At any point in the game, the player with priority may suggest a shortcut by describing a sequence of game choices, for all players, that may be legally taken based on the current game state and the predictable results of the sequence of choices. This sequence may be a non-repetitive series of choices, a loop that repeats a specified number of times, multiple loops, or nested loops, and may even cross multiple turns. It can’t include conditional actions, where the outcome of a game event determines the next action a player takes. The ending point of this sequence must be a place where a player has priority, though it need not be the player proposing the shortcut.

The highlighted part is what makes this tricky. Technically, you can't say "I scry until I see a particular card", but we can work around that.

# Scry 1

In the case where you can only Scry 1 a number of times, and you want to search your deck for a particular card and cut to have that card on top, you would use two shortcuts to technically make this work:

1. Scry 1 N times, where N is the number of cards in your library, and choose to put the card on the bottom each time. This is functionally equivalent to looking at your entire library without changing its order.

2. Choose a card with K cards on top of it, then Scry K and choose to put the card on bottom each time. This is equivalent to cutting the deck just above the card you are looking for.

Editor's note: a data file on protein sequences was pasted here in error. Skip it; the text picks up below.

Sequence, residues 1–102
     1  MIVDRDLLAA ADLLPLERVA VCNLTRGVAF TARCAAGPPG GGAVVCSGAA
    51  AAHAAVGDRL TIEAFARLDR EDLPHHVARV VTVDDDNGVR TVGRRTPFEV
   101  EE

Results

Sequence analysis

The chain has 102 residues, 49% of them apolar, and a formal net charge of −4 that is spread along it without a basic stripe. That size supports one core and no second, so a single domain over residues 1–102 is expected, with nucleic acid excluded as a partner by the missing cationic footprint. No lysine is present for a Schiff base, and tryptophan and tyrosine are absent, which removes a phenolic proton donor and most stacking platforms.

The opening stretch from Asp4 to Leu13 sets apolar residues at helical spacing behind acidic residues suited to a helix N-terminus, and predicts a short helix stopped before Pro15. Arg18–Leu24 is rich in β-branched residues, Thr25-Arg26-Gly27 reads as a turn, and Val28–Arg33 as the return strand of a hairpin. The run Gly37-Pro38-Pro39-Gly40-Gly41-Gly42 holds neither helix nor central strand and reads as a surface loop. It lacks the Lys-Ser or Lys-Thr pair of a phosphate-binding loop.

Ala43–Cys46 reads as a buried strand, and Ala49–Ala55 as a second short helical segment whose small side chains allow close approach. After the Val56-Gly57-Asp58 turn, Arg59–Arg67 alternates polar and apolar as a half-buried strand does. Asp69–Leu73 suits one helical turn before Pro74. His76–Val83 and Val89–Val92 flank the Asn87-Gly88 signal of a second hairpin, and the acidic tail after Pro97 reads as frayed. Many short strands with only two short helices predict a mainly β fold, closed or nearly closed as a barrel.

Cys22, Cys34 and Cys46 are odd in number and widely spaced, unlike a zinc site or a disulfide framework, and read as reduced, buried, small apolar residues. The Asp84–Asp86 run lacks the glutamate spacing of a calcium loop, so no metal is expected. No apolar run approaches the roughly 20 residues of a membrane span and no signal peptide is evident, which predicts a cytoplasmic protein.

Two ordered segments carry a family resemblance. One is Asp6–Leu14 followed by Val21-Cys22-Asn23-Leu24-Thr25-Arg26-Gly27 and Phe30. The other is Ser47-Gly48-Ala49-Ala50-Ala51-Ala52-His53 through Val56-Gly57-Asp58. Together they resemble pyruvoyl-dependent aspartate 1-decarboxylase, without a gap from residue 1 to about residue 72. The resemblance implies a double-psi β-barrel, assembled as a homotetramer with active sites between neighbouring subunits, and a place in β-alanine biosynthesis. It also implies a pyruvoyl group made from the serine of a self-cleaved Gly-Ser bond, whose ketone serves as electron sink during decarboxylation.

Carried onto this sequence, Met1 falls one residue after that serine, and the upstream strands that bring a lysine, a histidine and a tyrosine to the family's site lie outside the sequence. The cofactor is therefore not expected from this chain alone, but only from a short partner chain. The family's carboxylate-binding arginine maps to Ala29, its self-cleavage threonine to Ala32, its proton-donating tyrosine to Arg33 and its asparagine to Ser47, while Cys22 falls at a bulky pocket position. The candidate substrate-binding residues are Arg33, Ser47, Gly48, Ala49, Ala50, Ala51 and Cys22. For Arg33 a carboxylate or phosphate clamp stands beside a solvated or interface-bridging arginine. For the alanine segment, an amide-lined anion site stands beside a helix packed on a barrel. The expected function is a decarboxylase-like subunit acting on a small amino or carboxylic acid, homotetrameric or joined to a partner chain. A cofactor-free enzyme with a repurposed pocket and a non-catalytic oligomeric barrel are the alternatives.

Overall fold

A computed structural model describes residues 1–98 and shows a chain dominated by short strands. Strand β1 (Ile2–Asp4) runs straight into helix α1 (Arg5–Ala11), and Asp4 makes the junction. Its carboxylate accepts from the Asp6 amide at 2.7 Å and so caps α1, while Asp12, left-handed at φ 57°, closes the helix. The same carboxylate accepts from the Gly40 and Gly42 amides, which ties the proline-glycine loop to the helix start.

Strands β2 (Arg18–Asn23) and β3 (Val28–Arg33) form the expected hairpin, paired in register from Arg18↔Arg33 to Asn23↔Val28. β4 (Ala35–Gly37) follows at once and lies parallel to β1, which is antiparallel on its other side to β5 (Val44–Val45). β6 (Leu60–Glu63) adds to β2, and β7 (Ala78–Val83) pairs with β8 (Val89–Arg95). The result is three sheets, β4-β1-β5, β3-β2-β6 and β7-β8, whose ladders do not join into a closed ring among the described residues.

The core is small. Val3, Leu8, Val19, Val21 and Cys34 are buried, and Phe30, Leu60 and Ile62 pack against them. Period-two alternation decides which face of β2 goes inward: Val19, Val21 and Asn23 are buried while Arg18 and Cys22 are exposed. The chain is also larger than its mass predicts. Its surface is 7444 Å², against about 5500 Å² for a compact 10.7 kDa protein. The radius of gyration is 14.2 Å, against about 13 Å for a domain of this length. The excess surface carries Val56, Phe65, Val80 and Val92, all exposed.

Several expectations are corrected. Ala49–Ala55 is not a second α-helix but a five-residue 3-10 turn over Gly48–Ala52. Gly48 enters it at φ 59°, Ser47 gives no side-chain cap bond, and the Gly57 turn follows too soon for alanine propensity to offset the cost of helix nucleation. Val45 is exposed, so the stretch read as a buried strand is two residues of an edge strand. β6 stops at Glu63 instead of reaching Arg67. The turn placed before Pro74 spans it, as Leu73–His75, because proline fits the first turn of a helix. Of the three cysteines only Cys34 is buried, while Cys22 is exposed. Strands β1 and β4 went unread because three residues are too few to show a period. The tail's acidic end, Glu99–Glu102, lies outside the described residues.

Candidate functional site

# Scry 2+

This case is a little more complicated. When you want to stack your deck, you're not just scrying a certain number of cards to the bottom; you're taking a large number of steps of reordering two cards at a time to eventually end up at the desired order. But it still can be done according to the rules using these shortcuts:

1. Scry 2 N/2 times (rounded up), where N is the number of cards in your library (or enough to see your whole library), and choose to put the cards on the bottom each time. As in the first case, you have to know the current order of your library to deterministically make the next shortcut.

2. Technically, to be fully compliant with the rules, here you would lay out exactly the sequence of scrys you would do to get the order you want (like "Put the top card on bottom, then put the second from top card on bottom, then put the top card on bottom, etc."). Unfortunately, working out that sequence and reciting it would probably take as long as just doing it manually, which would probably count as slow play. However, it's likely that your opponent would accept "Now that I know the order of my library, I could give a sequence of scrys to arbitrarily reorder my deck, so I would like to skip that and just stack my deck".

2 Added judge ruling, removed some conjecture.

I wouldOfficial Rulings by high-level tournament judges explicitly say that you can do both oftake those things.shortcuts:

A player with the ability to scry 1 ‘infinitely’ may shortcut this action by examining the library without reordering it and cutting it to a specific location. A player with the ability to scry 2 or more infinitely may shortcut this action by rearranging her library in any way she likes, but she must do so quickly. Players are not required to know the mathematics or technical steps behind this.

Technically, by the definition in the Comprehensive Rules, each of those situations would actually involve two shortcuts, but I expect that most players would let you combine them. The rule that's relevant here is 716.2a:

The important thing here is that each individual shortcut has a predetermined sequence of steps. But most players would probably allow you to combine them, because you'll end up in the same state either way, and it won't take long.